ramp   = np.zeros_like(th)[:,None]

ramp[half_nth+n1   : half_nth+(n2+1)] = thing
ramp[half_nth-n2   : half_nth-n1+1  ] = thing[::-1]
ramp[half_nth-n1+1 : half_nth+n1    ] = 1.0

nwiggle = 4
awiggle = 0.05

wiggle = 1. + awiggle * np.cos(nwiggle*phi) * ramp

X = wiggle * np.cos(phi)[None,:]       * np.cos(th)[:,None]
Y = wiggle * np.sin(phi)[None,:]       * np.cos(th)[:,None]
Z =          np.ones_like(phi)[None,:] * np.sin(th)[:,None]

verts = [tuple(thing) for thing in zip(X.flatten(), Y.flatten(), Z.flatten())]

faces = []
for ith in range(nth-1):
for iph in range(nph):
v1 =  iph        + nph*ith
v2 = (iph+1)%nph + nph*ith
v3 = (iph+1)%nph + nph*(ith+1)
v4 =  iph        + nph*(ith+1)
faces.append((v1, v2, v3, v4))

bot = [tuple([iph               for iph in range(nph)])]
top = [tuple([iph + nph*(nth-1) for iph in range(nph)])]

faces += bot + top

me = bpy.data.meshes.new('wow')
ob = bpy.data.objects.new('wow', me)

ob.location = (0.0, 0.0, 102.0)
bpy.context.scene.objects.link(ob)
me.from_pydata(verts,[],faces)

bpy.data.objects['wow'].select = False
bpy.data.objects['wow'].select = True

bpy.ops.object.shade_smooth()


The outline of the lunar umbra on Earth (shadow of totality) will be defined by those rays of light emanating from the very edge of the solar disk as seen from Earth which just miss the surface features at the lunar terminator (line between day and night on the Moon's surface). Because the Moon is some 500 times smaller than the Sun (by diameter), those rays are more-or-less converging to a point about 1/500 the distance between Sun and Moon (the ratio of their actual diameters).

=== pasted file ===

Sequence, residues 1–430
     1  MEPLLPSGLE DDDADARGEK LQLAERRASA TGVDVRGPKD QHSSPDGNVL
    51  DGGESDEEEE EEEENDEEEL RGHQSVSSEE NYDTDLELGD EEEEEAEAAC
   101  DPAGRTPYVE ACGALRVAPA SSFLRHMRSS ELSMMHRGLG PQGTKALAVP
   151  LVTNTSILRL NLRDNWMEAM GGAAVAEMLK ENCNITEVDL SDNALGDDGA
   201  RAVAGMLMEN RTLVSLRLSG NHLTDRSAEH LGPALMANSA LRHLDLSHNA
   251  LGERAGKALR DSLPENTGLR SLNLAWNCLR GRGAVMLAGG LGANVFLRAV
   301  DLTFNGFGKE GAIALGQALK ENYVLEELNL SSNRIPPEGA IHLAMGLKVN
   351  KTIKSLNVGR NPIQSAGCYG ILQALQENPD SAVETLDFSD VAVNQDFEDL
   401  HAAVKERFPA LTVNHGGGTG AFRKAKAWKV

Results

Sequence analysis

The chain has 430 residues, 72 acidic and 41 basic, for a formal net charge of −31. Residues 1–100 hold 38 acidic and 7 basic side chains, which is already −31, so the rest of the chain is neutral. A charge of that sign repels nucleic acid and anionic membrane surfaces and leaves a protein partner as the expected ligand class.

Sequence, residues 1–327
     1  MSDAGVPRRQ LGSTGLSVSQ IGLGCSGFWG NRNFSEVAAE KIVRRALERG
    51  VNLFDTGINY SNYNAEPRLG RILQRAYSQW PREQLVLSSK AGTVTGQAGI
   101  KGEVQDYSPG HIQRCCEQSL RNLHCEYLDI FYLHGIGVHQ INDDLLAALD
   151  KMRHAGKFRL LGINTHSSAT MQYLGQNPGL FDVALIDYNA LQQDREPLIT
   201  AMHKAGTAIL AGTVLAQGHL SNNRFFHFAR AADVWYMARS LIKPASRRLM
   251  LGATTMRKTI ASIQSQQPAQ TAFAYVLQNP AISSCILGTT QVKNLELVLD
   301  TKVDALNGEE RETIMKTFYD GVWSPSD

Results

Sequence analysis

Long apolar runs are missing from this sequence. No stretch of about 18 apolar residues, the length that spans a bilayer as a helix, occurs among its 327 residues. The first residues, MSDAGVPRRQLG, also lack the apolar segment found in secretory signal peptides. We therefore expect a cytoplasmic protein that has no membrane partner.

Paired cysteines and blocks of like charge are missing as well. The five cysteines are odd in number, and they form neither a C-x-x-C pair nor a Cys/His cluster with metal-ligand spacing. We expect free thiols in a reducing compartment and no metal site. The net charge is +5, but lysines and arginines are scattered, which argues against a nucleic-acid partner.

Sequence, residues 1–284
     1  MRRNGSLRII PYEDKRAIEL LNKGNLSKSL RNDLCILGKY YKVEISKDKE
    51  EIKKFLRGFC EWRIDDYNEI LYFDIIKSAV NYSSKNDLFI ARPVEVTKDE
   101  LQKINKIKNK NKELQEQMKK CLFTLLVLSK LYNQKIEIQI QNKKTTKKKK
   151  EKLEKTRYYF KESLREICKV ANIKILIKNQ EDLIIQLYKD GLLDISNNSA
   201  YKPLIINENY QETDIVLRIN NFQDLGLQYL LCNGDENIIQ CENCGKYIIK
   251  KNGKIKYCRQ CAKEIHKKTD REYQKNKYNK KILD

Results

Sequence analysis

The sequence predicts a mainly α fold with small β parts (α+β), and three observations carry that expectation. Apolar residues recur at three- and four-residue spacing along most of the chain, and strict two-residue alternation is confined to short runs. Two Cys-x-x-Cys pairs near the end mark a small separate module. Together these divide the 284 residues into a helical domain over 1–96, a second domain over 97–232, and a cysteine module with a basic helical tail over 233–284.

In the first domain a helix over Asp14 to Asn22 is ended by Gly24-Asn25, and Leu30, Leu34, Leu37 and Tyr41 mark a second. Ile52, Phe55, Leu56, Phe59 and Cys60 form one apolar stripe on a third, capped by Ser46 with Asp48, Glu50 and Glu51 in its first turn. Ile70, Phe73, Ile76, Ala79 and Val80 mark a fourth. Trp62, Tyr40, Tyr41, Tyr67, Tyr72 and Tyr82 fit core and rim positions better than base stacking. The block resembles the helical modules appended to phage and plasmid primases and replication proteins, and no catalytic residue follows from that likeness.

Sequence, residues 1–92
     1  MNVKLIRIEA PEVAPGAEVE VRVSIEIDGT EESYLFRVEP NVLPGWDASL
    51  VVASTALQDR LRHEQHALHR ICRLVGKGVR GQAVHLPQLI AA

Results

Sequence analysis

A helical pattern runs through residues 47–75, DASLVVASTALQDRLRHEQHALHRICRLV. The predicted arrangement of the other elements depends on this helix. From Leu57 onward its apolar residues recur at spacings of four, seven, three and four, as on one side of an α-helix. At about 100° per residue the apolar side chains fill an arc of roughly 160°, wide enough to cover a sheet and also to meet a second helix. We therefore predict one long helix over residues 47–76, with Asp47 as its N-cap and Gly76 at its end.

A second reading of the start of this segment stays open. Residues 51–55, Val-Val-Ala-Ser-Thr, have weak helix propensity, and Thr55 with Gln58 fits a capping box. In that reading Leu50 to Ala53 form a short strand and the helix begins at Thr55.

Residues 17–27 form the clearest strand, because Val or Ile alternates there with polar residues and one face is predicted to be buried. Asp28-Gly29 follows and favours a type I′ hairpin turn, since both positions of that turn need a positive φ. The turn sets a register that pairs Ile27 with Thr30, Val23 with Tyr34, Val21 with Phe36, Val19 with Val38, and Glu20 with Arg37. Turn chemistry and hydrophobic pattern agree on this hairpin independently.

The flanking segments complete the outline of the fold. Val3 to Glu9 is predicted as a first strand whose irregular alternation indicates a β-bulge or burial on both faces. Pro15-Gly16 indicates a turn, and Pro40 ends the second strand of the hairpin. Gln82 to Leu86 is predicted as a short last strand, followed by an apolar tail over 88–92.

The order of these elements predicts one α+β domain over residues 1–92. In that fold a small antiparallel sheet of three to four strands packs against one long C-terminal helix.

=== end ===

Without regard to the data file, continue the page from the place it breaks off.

As it happens, the Earth-Moon distance is about 1/500 the distance between the Sun and the Earth/Moon system. In the upcoming eclipse, the Moon will be a little closer than "normal" and the "point" of convergence will be "behind" the Earth's surface. The umbra on Earth's surface will be on the order of 100km across.

If you consider a point source at the Sun, as rays pass by objects on the Moon, they will form a shadow on the Earth slightly larger than their true size - if we use the approximation of sizes and distances as 500:1, the shadows will be about 501:500 of their true size. But, the umbra is only a small fraction of the Moon's size. So, as the rays converge down on their way to the Earth's surface, the shadows of lunar surface features at the terminator will overlap and "blur" together to form the odd shape shown in the video.

• @uhoh I'm happy to edit in more accurate values, just guesstimated from the illustration. Feel free to replace the numbers in my answer with true values if you like. – Anthony X Jul 23 '17 at 18:54
• I just noticed the edit. Looks good! – uhoh Jul 29 '17 at 9:28
• I had to choose one of two great answers. You figured it out first though. Thanks for your help! – uhoh Jul 29 '17 at 9:32